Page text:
Workers are sampled at their farm job sites.  Randomly-selected workers are interviewed at the worksite, either before or after work.  Respondents may also be interviewed at another location if that is more convenient.

Further information on the survey's sampling design is available in the Statistical Methods of the National Agricultural Workers Survey.

 

Public Data Content and File Formats

The 1989-2012 NAWSPAD file contains information from 56,976 in-person interviews with hired crop farm workers.  The interviews were conducted in 545 counties and 43 states during fiscal years 1989-2012 (October 1, 1988 to September 30, 2012).  The file includes 226 questionnaire variables and 113 summary and analytic variables.  The spreadsheet NAWSPAD Variables and Labels 2012 lists the variables and their labels.  There are three tabs in the spreadsheet, one each for the complete set of variables, the created variables only, and the questionnaire variables only.

Note that the number of created and questionnaire variables in the spreadsheet sums to 342, which is three more than the actual number of unique variables (339).  This is because three variables (FWID, FY, and PWTYCRD) are listed in both the created variables and questionnaire variables tabs.

The data include the following:

  • responses to questions on demographics, employment, and health;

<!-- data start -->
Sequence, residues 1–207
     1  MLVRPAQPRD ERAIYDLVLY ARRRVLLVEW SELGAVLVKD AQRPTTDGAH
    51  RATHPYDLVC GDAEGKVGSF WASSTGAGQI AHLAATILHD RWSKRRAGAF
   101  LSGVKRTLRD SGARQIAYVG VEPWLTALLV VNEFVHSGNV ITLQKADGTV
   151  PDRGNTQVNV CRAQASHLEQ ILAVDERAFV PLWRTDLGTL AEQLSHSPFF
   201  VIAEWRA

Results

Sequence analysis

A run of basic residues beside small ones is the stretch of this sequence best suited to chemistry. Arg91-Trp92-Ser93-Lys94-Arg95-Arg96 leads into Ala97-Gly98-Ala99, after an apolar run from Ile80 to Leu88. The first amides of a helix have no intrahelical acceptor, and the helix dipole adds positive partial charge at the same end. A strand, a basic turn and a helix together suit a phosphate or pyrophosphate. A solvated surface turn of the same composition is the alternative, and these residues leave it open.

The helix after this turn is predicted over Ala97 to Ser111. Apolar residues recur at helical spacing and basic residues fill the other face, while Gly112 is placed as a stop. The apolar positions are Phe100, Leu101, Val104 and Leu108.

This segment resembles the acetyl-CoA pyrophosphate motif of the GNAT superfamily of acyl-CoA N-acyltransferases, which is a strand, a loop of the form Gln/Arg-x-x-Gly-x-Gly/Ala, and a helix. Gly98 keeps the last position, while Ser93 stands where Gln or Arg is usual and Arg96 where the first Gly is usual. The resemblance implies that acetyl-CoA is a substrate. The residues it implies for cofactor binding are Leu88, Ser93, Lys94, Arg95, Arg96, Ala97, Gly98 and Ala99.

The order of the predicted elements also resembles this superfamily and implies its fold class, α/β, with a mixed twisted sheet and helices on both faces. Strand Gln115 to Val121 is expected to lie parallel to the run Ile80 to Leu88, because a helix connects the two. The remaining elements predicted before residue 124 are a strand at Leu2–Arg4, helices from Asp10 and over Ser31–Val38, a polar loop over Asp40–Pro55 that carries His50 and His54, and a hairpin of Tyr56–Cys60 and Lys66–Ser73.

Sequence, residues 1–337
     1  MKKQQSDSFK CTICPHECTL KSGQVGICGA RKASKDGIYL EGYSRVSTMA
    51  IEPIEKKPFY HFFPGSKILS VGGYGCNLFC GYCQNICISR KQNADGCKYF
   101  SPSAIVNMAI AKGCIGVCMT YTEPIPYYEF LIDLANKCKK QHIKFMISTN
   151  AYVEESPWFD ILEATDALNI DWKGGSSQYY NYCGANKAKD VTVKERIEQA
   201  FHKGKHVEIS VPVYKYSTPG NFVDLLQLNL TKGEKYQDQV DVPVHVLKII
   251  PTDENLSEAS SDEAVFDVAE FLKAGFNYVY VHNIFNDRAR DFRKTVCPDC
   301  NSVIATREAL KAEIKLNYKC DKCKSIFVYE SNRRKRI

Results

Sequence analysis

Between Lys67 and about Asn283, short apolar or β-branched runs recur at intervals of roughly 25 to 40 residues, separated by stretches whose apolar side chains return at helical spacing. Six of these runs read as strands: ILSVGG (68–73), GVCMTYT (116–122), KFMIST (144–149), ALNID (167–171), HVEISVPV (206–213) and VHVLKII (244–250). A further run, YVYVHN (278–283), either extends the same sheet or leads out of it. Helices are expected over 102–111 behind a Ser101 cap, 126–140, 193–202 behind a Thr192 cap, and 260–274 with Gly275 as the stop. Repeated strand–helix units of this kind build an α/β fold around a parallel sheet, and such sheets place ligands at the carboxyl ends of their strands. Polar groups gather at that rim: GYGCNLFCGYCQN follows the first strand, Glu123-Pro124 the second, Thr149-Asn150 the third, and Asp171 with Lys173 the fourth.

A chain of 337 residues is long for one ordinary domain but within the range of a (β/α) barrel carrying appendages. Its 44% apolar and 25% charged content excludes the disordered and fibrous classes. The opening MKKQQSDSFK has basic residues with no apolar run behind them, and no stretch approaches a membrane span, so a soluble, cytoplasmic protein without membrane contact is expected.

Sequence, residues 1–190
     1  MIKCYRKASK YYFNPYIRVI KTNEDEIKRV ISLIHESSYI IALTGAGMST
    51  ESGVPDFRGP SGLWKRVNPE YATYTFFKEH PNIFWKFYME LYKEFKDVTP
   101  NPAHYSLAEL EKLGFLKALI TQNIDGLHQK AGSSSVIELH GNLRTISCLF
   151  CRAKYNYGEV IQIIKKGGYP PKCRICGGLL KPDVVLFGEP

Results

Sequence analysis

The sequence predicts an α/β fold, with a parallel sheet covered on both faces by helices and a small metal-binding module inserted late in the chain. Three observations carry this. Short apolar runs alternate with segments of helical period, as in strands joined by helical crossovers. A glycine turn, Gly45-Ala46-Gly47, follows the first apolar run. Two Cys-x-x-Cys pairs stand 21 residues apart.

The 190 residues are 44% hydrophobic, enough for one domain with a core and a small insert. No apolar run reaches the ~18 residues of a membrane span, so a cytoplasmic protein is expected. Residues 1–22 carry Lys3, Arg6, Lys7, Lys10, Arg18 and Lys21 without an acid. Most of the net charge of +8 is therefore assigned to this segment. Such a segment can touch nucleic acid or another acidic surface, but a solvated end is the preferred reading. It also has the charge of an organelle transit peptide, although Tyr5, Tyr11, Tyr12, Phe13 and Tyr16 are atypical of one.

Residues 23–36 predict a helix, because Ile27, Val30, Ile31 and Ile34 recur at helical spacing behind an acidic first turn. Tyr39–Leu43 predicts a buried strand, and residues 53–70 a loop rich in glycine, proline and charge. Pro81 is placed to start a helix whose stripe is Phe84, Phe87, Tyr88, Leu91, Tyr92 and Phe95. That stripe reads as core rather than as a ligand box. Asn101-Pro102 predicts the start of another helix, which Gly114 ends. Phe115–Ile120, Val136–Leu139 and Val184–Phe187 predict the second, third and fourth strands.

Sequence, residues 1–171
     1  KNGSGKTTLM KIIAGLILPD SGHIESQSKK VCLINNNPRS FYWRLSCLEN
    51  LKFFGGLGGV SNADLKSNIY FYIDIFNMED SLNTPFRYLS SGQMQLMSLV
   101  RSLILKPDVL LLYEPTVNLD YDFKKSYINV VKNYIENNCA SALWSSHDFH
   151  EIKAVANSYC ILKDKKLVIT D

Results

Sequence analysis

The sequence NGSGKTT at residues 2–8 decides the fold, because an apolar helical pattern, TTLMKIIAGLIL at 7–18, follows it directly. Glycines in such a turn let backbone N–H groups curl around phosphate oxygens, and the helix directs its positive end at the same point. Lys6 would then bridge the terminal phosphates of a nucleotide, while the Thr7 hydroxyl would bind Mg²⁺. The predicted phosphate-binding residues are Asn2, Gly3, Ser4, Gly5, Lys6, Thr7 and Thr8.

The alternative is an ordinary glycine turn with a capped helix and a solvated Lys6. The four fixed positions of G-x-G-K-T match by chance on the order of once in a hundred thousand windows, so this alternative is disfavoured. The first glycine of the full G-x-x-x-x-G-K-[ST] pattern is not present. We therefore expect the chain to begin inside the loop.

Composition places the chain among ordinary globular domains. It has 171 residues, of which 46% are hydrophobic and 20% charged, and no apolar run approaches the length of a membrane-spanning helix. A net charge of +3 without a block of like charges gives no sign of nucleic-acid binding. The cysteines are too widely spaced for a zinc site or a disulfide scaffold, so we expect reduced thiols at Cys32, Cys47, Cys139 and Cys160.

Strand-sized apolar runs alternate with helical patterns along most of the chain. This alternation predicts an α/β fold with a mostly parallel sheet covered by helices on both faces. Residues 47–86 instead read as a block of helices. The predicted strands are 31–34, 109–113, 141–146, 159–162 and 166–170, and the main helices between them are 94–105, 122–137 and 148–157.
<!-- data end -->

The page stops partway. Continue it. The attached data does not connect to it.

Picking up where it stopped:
• summary variables on household composition that have been tabulated from the questionnaire's family grid;
  • summary variables on employment history that have been tabulated from the questionnaire's 12-month work grid; and
  • analytical variables that are commonly used in analyses of NAWS data.

To protect respondent privacy, detailed information from the household and work grids, and responses to some questions, including the date and season of interview, are not available in the NAWSPAD file.  In addition, the region where the respondent was interviewed and the primary crop and task he/she was engaged in at the time of the interview are only reported in summary categories.

The 1989-2012 NAWSPAD file supports the questionnaire that was administered in FY 2012. Data from discontinued questions are not included in the NAWSPAD file.

The NAWSPAD file is currently available in three formats: SAS, Microsoft Excel, and CSV (comma separated values) for MS-DOS compatible computers and Macintosh computers.

 

Public Data Codebook and Questionnaire

The NAWSPAD codebook contains information on the number of observations for each response code by two-year periods, i.e., 1989-1990, 1991-1992, etc., through 2011-2012. Variables in the codebook match those in the questionnaire that was administered in FY 2012